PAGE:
To prepare for the role, Rockwell watched Dead Ringers, the David Cronenberg film starring Jeremy Irons as twin doctors, and a variety of buddy movies. Oddly enough, Midnight Cowboy proved a valuable influence on Moon. Though quite different in genre and tone, both films tell a story of two opposites who find a common ground and a personal connection. Touched by a scene in Midnight Cowboy in which Joe Buck awkwardly embraces Ratso Rizzo, Rockwell requested that the two Sams hug in Moon—a scene that the special effects men did not want to undertake. But, once they realized that Jones and Rockwell were serious about the scene, they figured out how to make it happen.
Rockwell, who plays neurotics and psychos almost as often as Christopher Walken, is often cast as part of an ensemble. Directors use the energy and spontaneity he brings to these characters to infuse their films with a shot of adrenaline or a jolt of electricity. As Wild Bill in The Green Mile, he tears around his prison cell with a manic lunacy; as Frank Mercer in Matchstick Men, his energy is barely contained as he jumps down steps in a single bound or jerks off his tie in frustration; as the Kid in Box of Moonlight, his off-kilter character is defined by ticks and mannerisms. All of the characters seem to embody Sanford Meisner’s axiom about behavior vs. words. But, in his few starring roles, Rockwell’s broad range as an actor is more apparent. In Confessions of a Dangerous Mind he plays game-show mastermind Chuck Barris, a character who is in turn mentally unstable, repressed, calculating, and tender. However, in contrast to the psychos and neurotics, his character(s) in Moon is more of an everyman just hoping to get home.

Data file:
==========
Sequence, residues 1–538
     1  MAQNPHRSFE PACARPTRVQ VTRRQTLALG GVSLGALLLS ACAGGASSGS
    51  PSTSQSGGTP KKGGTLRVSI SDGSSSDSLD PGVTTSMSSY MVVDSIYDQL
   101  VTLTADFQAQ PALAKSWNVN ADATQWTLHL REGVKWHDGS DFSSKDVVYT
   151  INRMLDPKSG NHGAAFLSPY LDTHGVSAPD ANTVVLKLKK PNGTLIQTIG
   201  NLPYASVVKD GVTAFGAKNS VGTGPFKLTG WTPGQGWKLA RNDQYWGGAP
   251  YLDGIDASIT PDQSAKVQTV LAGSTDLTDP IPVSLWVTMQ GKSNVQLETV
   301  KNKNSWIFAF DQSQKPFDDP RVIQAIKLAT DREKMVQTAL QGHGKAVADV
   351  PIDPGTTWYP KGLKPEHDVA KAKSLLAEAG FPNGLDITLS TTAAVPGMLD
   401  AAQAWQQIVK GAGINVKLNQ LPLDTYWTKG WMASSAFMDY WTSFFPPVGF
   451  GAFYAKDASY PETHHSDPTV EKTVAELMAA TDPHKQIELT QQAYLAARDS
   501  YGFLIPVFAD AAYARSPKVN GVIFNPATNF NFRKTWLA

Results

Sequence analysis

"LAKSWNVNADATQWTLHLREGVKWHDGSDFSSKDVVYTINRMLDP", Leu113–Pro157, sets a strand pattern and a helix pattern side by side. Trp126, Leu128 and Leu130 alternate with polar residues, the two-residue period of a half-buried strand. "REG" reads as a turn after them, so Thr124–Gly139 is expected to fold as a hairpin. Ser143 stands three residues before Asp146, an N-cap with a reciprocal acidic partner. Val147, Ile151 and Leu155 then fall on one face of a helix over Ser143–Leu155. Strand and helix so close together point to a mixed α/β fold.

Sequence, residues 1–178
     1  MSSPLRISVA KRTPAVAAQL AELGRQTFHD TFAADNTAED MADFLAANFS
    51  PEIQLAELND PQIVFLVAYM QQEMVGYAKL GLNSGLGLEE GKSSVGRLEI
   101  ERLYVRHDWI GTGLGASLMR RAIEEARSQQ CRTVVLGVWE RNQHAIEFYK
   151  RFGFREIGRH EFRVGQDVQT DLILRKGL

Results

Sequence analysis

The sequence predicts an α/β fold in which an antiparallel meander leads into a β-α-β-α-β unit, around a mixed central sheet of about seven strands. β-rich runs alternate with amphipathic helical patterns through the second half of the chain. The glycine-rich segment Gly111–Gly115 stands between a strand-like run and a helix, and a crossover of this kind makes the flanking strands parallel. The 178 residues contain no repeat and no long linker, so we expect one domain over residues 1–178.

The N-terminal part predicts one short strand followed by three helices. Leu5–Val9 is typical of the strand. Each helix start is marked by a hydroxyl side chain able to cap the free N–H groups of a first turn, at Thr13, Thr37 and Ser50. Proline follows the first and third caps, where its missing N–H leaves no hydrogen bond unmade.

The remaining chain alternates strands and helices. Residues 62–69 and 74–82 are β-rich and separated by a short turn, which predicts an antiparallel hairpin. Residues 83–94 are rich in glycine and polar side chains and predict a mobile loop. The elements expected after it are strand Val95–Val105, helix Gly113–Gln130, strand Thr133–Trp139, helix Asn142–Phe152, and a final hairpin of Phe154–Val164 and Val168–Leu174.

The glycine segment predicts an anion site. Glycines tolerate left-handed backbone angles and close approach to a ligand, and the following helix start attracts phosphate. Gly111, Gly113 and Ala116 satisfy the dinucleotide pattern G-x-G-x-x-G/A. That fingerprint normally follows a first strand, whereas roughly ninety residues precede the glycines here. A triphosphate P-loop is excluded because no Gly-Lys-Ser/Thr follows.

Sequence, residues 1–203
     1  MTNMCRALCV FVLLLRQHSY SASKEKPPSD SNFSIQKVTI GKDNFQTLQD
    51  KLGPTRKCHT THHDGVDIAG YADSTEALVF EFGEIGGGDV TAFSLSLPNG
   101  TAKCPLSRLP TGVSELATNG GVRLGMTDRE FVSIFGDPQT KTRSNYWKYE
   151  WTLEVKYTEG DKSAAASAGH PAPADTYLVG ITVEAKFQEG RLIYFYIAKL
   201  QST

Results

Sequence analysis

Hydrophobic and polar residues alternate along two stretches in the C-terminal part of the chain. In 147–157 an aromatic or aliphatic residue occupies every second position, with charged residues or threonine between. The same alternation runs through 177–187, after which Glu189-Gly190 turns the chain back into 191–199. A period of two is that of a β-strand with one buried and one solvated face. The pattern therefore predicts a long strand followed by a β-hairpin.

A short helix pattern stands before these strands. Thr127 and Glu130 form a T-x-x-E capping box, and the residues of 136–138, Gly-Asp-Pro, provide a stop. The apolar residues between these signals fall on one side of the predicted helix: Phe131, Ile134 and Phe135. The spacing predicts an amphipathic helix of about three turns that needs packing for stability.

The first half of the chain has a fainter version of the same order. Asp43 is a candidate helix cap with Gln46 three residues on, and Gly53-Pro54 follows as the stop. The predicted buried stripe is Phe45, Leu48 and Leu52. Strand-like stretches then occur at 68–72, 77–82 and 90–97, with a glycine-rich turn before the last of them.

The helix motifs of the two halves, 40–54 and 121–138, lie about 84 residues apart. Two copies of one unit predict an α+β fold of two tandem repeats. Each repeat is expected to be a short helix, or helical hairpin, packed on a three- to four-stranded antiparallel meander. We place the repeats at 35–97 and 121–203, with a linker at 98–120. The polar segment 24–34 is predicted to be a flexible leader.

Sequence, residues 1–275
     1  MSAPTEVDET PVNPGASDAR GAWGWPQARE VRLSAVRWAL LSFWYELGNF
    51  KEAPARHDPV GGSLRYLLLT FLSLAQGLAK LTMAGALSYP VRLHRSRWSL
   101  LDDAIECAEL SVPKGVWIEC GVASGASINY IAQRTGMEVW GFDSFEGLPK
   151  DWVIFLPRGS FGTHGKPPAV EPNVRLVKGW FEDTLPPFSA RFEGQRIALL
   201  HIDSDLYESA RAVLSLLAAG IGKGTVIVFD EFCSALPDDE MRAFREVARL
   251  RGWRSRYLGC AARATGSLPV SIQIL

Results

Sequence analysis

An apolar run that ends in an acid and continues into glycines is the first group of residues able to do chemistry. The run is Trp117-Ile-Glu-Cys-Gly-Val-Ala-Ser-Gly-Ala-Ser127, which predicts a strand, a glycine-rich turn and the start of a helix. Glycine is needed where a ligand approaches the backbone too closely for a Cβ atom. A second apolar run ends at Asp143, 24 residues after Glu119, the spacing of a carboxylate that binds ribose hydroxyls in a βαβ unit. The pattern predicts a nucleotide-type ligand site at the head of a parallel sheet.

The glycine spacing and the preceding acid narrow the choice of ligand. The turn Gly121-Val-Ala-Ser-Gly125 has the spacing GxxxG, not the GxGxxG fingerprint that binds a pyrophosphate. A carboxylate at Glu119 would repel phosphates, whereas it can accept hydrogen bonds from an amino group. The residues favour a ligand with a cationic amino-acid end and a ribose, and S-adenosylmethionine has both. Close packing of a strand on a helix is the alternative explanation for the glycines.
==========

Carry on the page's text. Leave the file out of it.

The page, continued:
Over the years, I have attended many appearances and presentations by guest artists, not only at Ringling but also at film festivals. Inevitably, someone in the audience asks the guest during the Q&A about his favorite films, directors, and actors. Rarely does someone mention a film from the last 20 years, though current directors such as David Fincher and the Coen Brothers are often named. Rockwell was no exception. He favored the Film School Generation for its films and its actors, listing The Deer Hunter, One Flew Over the Cuckoo’s Nest, The Exorcist, and Midnight Cowboy as well as later films such as Stripes, Animal House, and Alien. Actors he found inspiring included other method-style performers like Dustin Hoffman, Gene Hackman, Al Pacino, Robert De Niro, Sissy Spacek, and Brando and Dean. He also included Daniel Day Lewis and Meryl Streep. It was refreshing to hear him praise actresses.
I am always heartened by film-industry professionals who understand the impact of the past on the present in film, something that is not easy to get students to comprehend. In an article for Sarasota magazine, Rockwell also discussed influences and favorites but in the context of lineage. He noted the impact of Brando, Dean, and Clift on Pacino, De Niro, and Hoffman, and he offered an insightful comment regarding the influence of Walter Hill on Quentin Tarantino.
Sam Rockwell is a dedicated actor who searches for the truth and humanity in the most immoral of his characters, so I was not surprised at his final remark to the students: “Don’t go with CGI (computer generated imagery).”